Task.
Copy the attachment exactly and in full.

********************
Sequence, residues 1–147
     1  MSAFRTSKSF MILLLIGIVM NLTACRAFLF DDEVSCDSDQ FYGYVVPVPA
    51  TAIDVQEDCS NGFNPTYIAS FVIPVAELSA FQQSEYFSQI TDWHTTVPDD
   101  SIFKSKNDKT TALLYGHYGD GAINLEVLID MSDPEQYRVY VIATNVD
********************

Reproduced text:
Sequence, residues 1–147
     1  MSAFRTSKSF MILLLIGIVM NLTACRAFLF DDEVSCDSDQ FYGYVVPVPA
    51  TAIDVQEDCS NGFNPTYIAS FVIPVAELSA FQQSEYFSQI TDWHTTVPDD
   101  SIFKSKNDKT TALLYGHYGD GAINLEVLID MSDPEQYRVY VIATNVD